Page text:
Two stud hockey players in the NHL drafted first overall in back-to-back seasons from completely different parts of the world: this is just the simple way of summarizing the rivalry between Sidney Crosby and Alex Ovechkin.
Canadian Crosby was seen from the start as the next “Great One.” Ovechkin came here from Russia and brought the same intensity and goal-scoring skills that we have come to expect from European stars. Both of these men have proven that they are great, but who is better?
Crosby and Ovechkin made their debuts in the 2005-2006 season. This was the season after the NHL lockout and together they helped bring the sport back. It helped too that they played in the same conference with a close enough geographical proximity; Crosby in Pittsburgh with the Penguins and Ovechkin in Washington with the Capitals.
It didn’t take long for the two young stars to shine. Ovechkin won the Calder Trophy, the league’s rookie of the year, and Crosby finished second in the voting. Ovechkin won the award with 52 goals and 54 assists with a total of 106 points. Crosby fell just short in the points category with 102 coming from 39 goals and 63 assists.
This first season would become a perfect representation of what each could bring to the NHL. Ovechkin takes shots and scores more goals. Crosby does score quite a few goals, but he has an eye to pass the puck to his teammates who are then able to put the puck into the back of the net. This trend has continued throughout the near decade they have both played.
Ovechkin won the Calder Trophy however it was Crosby who won the first Hart Trophy, the league’s MVP Award. Crosby did this in his second professional season where he had 36 goals and 84 assists.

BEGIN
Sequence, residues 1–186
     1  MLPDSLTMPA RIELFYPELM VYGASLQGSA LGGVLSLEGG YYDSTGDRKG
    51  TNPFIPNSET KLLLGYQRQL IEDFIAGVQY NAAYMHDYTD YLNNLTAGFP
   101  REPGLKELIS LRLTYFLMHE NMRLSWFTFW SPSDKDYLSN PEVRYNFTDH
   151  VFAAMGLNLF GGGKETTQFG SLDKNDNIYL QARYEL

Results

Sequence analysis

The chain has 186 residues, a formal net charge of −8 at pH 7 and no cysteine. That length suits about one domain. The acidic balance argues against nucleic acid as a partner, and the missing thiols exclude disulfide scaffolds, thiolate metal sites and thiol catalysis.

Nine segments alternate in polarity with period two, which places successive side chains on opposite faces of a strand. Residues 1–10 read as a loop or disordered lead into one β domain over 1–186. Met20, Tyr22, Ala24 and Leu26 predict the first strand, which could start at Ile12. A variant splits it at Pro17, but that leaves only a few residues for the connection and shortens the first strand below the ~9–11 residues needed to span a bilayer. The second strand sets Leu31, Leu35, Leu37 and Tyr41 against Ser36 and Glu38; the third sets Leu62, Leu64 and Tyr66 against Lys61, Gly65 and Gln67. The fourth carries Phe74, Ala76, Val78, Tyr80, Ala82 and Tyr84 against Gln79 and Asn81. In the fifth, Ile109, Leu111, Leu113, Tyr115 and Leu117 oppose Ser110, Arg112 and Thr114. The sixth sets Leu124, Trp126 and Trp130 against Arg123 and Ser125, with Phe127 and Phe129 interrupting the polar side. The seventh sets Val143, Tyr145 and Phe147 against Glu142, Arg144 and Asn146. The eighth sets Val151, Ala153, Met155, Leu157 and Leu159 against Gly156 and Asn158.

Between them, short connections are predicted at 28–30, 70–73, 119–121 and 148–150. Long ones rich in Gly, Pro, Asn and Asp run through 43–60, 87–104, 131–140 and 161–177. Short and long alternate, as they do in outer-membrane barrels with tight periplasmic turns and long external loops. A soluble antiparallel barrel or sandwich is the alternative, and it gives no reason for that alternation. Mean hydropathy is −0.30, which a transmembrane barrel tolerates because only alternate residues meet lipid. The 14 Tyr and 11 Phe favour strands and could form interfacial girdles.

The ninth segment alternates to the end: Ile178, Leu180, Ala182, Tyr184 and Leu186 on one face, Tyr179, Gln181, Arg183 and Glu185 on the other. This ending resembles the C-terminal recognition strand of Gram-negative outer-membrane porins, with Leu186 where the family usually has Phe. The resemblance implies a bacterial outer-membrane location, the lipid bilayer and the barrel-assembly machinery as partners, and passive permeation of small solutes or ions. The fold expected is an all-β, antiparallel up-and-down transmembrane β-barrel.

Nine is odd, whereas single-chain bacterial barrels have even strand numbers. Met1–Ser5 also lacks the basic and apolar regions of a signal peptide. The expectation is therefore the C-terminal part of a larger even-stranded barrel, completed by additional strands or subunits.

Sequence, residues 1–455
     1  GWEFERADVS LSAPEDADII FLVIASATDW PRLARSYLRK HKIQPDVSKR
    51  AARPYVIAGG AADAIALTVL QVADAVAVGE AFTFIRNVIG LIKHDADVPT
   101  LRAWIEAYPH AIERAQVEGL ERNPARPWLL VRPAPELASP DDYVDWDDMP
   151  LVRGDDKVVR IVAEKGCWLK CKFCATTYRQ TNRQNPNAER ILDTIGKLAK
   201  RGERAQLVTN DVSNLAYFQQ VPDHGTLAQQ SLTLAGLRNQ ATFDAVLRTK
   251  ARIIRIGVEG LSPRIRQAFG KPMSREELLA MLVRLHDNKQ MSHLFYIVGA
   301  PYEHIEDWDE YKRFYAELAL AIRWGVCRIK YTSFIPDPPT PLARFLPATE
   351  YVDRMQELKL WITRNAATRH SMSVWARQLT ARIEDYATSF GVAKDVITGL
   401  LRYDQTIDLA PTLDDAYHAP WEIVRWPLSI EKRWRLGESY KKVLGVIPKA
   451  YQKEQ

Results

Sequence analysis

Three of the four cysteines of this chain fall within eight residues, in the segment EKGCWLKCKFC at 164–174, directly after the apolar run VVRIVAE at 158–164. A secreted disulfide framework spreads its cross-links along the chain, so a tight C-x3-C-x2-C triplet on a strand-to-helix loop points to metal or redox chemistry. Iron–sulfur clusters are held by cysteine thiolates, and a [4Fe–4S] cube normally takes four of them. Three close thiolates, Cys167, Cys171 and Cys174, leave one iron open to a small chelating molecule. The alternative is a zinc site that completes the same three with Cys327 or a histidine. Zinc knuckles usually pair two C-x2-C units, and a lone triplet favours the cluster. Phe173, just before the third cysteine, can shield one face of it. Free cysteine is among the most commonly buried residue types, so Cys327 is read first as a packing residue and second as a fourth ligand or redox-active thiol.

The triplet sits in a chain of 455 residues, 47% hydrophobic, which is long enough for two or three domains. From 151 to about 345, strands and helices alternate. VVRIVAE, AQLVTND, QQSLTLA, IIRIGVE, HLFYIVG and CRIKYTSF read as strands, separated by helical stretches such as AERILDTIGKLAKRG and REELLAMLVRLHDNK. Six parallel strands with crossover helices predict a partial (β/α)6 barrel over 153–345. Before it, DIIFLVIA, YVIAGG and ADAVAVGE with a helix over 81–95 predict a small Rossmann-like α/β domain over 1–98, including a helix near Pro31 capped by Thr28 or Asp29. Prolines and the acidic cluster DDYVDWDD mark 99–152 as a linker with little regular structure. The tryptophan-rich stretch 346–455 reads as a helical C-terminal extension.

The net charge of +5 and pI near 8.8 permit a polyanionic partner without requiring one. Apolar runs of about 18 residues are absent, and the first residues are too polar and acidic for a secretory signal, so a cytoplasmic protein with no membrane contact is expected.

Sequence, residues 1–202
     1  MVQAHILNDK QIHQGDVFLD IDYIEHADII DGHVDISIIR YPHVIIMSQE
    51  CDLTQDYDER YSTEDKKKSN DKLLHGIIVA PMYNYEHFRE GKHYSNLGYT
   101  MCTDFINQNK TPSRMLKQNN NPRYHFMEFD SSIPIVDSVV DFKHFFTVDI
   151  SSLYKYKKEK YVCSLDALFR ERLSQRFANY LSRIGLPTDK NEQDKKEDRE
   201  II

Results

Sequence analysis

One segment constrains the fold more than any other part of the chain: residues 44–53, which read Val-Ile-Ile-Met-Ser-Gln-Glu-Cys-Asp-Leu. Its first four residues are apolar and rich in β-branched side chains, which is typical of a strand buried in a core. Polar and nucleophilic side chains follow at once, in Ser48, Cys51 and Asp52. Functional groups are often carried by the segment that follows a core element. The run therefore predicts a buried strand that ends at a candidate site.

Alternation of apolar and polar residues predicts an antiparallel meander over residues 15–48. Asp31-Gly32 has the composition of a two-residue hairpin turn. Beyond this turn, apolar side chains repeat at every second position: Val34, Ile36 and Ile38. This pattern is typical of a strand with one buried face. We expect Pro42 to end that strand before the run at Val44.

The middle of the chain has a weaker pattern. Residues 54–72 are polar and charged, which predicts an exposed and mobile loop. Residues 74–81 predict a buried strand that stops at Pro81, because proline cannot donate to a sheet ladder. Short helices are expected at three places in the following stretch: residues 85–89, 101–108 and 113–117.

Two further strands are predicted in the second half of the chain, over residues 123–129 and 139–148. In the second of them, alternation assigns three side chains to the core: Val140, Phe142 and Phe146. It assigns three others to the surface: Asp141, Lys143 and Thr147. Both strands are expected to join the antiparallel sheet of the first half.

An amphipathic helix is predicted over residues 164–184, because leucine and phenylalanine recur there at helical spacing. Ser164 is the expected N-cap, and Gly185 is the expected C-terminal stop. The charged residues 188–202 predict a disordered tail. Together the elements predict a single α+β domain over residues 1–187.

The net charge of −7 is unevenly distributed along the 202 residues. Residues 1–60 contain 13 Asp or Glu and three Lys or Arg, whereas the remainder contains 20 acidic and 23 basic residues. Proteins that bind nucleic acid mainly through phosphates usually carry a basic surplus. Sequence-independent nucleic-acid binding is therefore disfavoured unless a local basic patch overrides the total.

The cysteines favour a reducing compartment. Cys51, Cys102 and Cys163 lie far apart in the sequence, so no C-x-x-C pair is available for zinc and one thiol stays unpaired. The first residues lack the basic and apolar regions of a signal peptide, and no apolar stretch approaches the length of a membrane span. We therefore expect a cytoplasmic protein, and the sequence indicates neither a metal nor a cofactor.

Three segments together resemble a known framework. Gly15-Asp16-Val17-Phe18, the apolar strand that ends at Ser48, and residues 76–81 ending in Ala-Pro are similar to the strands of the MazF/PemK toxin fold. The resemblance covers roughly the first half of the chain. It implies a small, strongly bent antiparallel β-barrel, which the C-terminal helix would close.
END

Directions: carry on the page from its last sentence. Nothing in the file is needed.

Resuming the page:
The following season Ovechkin answered back by winning his first Hart Trophy when he led the league in goals with 65 and points with 112. Ovechkin was not done yet as he would repeat as the Hart Trophy winner the very next year. After four seasons in the league, Crosby and Ovechkin had already won three MVP Awards.
Both would consistently finish near the top of the Hart Trophy Award voting over the next several seasons until Ovechkin won it again in the shortened 2012-2013 season. It took the duo a while to win the award due to Ovechkin having a few poor seasons (by his standards) and Crosby missing significant time with injuries.
Although they began their careers in the same season, Ovechkin has played over 100 more games than Crosby has. As expected his goal total is much higher. Still, Crosby has many more assists and his point total is not as great as one might expect. Crosby has far greater points per game average than Ovechkin, actually ranked 4th all-time.
Since they are two different kinds of players it can be hard to measure who the better one is. One simple way to settle the score might be factoring in championships. In the Stanley Cup finals Crosby is 1-1. Ovechkin, he has been unable to get his team beyond the conference semi-finals.
The better hockey player, it depends what you need. In a meaningless game with no pressure Ovechkin is far better. For a long-term leader who makes the rest of the team better, you will want Crosby on your team.